The (mis) management of migrant nurses in the UK: a sociological study

Radha Adhikari, Kath Melia

Research output: Contribution to journalArticlepeer-review


Aim: To examine Nepali migrant nurses’ professional life in the UK.
Background: In the late 1990s the UK experienced an acute nursing shortage. Within a decade over one thousand Nepali nurses migrated to the UK.
Method: A multi-sited ethnographic approach was chosen for this study. Between 2006 and 2009, twenty one in-depth interviews with Nepali nurses were conducted in the UK using snowballing sampling.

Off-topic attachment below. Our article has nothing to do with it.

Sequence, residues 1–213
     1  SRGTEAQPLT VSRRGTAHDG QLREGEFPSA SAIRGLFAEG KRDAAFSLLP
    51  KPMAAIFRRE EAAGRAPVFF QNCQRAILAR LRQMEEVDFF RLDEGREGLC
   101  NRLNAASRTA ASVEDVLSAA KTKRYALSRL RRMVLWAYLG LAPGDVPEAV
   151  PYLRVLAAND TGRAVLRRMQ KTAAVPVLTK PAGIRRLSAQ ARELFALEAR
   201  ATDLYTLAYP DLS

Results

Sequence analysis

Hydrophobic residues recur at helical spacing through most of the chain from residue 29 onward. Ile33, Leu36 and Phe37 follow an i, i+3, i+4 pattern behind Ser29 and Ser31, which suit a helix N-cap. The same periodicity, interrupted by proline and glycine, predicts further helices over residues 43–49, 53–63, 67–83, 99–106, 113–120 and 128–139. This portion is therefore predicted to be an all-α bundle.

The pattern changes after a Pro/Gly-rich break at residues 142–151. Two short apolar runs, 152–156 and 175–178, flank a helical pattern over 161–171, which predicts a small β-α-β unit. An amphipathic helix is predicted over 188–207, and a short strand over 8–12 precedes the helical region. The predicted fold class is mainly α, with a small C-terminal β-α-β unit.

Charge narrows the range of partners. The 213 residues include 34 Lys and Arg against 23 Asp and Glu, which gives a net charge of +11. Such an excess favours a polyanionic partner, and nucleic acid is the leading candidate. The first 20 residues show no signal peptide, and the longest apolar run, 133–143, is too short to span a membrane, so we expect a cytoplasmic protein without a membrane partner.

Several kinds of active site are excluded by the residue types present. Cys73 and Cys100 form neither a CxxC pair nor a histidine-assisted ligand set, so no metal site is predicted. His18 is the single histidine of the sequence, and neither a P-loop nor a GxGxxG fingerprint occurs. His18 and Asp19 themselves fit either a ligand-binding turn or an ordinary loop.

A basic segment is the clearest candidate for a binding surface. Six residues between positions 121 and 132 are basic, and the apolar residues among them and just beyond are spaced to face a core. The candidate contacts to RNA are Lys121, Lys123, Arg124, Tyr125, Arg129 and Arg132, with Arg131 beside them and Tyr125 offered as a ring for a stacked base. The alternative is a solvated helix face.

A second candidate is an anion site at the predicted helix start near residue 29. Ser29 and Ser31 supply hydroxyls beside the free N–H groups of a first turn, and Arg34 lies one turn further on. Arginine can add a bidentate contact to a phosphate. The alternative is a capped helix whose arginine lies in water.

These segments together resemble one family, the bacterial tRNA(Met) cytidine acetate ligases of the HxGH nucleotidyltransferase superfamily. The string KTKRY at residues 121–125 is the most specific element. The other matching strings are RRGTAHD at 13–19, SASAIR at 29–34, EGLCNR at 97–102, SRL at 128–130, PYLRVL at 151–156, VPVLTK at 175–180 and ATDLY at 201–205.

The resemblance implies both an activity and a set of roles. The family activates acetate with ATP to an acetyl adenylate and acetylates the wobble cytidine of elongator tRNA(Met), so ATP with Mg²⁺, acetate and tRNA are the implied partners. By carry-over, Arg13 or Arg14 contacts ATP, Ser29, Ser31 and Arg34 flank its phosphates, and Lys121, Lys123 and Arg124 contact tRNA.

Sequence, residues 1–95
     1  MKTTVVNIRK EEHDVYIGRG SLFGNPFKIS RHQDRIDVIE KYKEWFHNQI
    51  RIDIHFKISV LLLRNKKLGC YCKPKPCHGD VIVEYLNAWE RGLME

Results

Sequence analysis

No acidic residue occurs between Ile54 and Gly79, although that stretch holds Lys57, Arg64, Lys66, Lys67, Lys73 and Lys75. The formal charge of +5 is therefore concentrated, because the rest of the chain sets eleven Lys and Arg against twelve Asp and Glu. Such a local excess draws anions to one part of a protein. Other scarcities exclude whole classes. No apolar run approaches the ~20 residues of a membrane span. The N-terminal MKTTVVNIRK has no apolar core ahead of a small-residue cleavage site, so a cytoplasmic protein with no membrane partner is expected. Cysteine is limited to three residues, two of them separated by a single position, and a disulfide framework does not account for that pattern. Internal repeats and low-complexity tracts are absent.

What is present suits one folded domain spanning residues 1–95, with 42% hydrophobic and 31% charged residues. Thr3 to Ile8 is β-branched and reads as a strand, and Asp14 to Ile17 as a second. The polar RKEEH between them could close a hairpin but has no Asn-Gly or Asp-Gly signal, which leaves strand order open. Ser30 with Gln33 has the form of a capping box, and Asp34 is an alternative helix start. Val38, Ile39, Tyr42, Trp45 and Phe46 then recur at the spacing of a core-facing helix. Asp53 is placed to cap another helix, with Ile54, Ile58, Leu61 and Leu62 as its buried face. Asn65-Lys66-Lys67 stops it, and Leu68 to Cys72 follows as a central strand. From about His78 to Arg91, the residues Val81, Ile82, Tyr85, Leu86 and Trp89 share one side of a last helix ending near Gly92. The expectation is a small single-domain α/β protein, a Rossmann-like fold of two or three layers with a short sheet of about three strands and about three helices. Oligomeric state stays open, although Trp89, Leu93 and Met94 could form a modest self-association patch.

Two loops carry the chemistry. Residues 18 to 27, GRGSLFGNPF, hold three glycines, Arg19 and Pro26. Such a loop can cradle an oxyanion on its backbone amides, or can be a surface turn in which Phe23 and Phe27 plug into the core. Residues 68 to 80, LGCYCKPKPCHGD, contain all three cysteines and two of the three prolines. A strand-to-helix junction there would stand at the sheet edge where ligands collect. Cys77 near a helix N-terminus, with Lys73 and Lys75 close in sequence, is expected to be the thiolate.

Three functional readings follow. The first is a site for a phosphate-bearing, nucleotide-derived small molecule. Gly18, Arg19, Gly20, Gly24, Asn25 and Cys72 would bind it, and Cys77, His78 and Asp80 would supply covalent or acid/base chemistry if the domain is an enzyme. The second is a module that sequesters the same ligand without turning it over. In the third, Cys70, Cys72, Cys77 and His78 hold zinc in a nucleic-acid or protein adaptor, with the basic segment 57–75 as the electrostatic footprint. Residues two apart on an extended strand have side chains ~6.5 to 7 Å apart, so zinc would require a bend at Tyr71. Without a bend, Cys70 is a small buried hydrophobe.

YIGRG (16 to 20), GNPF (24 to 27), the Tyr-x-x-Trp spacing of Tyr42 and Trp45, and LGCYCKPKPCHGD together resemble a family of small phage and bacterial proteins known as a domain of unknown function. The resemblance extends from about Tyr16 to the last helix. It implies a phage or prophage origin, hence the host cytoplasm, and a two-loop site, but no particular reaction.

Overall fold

Results: Nepali migrant nurses are highly qualified and experienced in specialised areas such as critical care, management and education. However, these nurses end-up working in the long-term care sector providing personal care for elderly people—an area commonly described by migrant nurses as British Bottom Care (BBC). This means that migrant nurses lack career choices and professional development opportunities, causing them frustration and poor job satisfaction.
Conclusions: International nurse migration is an inevitable part of globalisation in health. Nurse Managers and policy makers need to explore ways to make better use of the talents of the migrant workforce.
Original languageEnglish
JournalJournal of Nursing Management
Early online date4 Sep 2013
Publication statusPublished - 2013


  • nurse migration
  • nursing shortage
  • brain drain
  • skill-mismatch


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